Consistent with the current version of the G&P, programs need to demonstrate their efforts to recruit and retain diverse student and staff. This should be in addition to non-discriminatory institutional policies. Programs need to define positive actions they employ. It might be helpful once again to spell out what the CoA is looking for in regards to such efforts and how the program has made attempts to insure all categories in Domain A are addressed by both broad and general statements and individual activities. The plan should include how the program identifies barriers and a plan of action to address those barriers.

    Structural Issues and Resources

  14. How does the G&P need to take into account new organizational structures of doctoral and internship programs (e.g., multiple sites, centrally controlled consortia, in-house internships)? What should be the common elements for a program that is located across multiple sites to insure that it is one cohesive program?

    Great care should be taken to ensure that quality and standards are maintained regardless of the structure of the program. Residency is a critical component to doctoral training and should be maintained at all costs. Within a program, regardless of whether it is a multi-site doctoral program or an internship consortium, there must be a core administrative structure, the same set of goals objectives and competencies, and shared training and socialization opportunities, along with the same stipend across sites in a consortium. Such program structures often arise in an attempt to pool resources. While this is a highly desirable concept, quality training at every level should not be compromised just because resources may be limited. Some of the issues APPIC sees within many consortia are the lack of a strong centralized authority and unclear criteria by which consortia member sites join and leave the consortium.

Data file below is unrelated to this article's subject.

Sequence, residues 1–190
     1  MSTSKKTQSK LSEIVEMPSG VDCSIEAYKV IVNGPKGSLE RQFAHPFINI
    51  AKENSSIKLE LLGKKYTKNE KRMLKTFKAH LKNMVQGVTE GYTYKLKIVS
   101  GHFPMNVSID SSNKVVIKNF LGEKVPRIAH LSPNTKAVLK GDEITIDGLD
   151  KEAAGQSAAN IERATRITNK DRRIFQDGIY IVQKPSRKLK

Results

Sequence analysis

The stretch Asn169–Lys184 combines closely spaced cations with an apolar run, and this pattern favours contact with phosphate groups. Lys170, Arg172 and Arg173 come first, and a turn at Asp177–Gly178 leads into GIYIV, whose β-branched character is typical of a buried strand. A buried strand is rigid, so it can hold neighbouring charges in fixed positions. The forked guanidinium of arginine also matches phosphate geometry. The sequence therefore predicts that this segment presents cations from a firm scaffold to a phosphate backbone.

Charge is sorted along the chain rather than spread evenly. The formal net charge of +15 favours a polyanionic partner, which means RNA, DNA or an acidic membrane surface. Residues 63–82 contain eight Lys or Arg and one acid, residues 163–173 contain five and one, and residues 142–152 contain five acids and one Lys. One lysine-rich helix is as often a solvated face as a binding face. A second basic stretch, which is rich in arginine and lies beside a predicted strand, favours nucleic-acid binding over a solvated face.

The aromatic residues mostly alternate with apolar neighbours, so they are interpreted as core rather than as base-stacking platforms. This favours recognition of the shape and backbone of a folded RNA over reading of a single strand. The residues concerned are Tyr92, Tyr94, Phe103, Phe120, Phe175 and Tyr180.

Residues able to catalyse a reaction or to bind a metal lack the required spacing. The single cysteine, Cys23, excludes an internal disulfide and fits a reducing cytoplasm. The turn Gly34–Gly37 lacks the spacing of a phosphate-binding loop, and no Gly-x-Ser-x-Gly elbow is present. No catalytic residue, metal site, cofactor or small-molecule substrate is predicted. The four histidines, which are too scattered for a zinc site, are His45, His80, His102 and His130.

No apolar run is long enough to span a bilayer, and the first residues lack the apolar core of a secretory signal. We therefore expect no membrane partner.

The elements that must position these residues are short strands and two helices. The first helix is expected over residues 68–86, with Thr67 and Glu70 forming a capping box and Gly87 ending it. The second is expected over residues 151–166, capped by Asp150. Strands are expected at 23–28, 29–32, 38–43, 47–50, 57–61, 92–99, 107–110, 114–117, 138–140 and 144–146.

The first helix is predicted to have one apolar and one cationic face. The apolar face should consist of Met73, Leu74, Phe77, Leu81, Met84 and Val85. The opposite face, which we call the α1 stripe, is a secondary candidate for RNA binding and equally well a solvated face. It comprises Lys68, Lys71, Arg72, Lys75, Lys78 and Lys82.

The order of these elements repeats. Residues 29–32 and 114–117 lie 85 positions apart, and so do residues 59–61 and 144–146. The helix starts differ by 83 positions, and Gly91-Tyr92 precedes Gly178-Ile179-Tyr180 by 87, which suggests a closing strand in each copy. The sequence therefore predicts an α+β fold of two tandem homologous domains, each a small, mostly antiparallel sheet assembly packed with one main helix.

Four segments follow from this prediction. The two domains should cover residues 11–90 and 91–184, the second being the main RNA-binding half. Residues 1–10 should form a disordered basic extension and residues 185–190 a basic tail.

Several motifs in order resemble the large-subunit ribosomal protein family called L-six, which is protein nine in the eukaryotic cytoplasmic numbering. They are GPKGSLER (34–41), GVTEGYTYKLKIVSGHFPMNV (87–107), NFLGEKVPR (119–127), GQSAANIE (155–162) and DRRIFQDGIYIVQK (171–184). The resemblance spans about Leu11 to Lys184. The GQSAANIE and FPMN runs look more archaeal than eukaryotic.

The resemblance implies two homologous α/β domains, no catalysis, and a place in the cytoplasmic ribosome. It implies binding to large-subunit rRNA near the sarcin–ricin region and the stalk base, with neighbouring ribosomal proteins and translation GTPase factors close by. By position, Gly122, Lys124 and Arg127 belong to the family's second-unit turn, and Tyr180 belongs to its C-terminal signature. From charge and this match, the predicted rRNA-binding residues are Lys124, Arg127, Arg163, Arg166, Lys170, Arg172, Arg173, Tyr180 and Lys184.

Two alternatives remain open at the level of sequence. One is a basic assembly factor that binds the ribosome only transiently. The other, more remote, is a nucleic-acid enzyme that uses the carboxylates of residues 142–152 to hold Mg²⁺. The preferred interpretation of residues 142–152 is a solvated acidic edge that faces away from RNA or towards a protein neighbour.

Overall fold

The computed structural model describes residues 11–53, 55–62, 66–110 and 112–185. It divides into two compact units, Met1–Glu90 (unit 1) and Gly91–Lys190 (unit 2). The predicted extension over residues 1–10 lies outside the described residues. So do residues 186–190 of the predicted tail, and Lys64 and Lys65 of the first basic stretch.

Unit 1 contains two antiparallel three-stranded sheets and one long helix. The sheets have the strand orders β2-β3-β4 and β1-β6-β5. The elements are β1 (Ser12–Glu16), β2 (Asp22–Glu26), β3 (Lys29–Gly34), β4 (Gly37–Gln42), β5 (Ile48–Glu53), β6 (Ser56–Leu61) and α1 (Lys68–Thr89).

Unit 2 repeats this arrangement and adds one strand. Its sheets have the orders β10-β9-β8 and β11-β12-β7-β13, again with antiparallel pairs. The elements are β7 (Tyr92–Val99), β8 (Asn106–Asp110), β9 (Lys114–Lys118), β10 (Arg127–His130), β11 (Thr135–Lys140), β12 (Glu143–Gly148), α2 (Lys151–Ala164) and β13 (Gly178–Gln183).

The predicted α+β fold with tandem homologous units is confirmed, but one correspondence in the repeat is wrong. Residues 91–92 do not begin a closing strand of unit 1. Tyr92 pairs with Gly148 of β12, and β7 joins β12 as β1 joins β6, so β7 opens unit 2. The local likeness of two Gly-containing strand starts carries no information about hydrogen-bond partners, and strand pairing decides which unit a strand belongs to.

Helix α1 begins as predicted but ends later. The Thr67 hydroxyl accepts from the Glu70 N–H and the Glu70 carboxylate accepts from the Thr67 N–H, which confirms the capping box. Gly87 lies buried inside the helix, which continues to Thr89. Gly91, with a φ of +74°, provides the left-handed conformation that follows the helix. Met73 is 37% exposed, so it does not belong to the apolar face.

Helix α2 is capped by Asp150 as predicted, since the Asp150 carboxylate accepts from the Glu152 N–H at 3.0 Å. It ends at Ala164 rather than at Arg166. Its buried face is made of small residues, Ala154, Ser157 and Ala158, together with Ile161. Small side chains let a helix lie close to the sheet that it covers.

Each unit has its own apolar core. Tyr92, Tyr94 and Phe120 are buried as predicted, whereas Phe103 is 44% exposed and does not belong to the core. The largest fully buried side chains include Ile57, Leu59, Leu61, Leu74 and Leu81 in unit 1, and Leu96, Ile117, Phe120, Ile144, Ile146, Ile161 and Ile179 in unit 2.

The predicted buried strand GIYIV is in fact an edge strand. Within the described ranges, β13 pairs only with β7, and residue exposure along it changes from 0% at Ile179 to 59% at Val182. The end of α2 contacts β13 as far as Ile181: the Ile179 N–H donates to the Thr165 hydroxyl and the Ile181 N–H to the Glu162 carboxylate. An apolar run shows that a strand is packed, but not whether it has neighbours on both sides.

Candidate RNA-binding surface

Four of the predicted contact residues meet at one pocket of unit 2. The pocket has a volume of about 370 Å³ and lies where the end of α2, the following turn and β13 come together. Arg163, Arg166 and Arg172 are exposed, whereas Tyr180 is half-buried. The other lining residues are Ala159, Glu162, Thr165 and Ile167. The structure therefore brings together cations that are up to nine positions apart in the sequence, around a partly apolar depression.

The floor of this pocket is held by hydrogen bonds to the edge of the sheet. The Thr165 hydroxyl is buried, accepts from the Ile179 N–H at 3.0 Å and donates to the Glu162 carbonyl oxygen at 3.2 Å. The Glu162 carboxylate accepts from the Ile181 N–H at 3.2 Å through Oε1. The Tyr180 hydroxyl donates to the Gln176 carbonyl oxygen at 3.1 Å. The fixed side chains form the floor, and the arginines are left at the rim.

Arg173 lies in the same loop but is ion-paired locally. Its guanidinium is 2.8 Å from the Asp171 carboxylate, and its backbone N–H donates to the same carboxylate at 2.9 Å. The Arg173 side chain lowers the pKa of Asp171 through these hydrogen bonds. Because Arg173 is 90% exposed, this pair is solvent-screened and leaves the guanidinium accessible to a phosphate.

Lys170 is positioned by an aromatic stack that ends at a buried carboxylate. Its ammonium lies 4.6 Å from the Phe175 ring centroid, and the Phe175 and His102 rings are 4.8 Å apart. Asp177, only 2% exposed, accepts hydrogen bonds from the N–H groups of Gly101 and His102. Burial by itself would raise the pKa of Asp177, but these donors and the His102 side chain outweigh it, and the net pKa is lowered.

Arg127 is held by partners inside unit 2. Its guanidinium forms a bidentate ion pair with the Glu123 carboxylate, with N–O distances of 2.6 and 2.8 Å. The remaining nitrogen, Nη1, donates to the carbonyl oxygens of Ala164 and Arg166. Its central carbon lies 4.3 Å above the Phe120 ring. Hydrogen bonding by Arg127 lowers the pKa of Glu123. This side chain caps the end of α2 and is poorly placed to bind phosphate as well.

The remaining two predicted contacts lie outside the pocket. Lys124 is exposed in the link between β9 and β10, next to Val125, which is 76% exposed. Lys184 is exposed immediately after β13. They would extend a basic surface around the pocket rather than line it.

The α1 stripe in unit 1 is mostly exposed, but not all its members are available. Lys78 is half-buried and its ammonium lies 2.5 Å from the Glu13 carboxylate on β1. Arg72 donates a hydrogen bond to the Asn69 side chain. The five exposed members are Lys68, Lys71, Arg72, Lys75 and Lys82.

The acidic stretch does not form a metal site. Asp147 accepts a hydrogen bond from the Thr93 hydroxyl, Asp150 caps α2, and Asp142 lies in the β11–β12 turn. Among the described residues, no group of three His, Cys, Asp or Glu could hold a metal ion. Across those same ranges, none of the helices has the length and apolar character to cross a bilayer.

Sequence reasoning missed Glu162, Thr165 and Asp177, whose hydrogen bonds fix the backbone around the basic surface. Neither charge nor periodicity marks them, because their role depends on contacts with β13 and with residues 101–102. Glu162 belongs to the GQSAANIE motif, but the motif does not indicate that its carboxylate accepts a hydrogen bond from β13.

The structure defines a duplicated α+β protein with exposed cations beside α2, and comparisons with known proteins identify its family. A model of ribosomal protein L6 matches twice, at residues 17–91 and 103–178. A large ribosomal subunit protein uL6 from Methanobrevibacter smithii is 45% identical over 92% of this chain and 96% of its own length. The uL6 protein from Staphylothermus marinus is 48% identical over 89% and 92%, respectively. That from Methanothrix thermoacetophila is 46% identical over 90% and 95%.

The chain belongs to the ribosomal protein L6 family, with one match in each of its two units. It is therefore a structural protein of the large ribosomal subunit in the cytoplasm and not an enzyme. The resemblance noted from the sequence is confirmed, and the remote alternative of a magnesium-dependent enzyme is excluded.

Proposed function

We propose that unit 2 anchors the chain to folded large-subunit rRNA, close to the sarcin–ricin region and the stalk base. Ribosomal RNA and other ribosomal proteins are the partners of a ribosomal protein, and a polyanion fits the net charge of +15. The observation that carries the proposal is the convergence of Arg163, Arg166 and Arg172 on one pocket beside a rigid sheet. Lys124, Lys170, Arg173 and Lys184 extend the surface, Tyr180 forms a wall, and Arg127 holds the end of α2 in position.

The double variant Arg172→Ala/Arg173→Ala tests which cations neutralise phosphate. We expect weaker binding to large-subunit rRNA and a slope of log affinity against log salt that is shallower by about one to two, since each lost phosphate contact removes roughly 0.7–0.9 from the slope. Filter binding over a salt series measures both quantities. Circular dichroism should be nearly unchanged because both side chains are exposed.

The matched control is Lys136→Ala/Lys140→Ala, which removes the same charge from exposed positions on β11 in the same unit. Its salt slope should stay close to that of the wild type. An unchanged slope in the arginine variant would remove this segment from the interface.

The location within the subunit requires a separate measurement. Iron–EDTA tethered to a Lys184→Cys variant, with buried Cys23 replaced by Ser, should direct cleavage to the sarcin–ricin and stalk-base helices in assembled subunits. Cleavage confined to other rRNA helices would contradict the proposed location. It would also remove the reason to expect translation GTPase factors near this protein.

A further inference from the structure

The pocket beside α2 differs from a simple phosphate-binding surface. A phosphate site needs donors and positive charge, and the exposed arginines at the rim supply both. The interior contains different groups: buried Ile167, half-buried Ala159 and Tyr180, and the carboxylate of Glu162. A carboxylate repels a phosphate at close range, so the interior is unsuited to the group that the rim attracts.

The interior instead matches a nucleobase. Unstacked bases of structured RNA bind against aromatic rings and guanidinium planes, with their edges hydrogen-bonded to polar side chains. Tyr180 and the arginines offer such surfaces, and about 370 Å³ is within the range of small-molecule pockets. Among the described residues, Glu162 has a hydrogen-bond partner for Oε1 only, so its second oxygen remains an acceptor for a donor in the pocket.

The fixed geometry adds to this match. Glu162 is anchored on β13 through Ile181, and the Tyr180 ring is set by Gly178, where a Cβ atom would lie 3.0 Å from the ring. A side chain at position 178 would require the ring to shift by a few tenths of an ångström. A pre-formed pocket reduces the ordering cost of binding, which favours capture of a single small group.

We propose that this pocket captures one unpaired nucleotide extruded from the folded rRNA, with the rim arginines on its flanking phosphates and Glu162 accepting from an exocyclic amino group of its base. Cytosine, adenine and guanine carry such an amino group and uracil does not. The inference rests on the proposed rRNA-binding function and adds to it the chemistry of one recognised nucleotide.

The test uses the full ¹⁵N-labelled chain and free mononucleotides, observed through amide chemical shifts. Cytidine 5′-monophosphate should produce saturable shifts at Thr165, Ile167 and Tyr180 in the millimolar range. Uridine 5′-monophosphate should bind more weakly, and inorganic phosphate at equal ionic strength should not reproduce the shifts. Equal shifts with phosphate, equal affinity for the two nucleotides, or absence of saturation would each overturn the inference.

15. In doctoral programs, what faculty qualifications should be required to contribute to required program training (e.g., in coursework, practicum supervision, research supervision)? How should faculty qualifications be evaluated?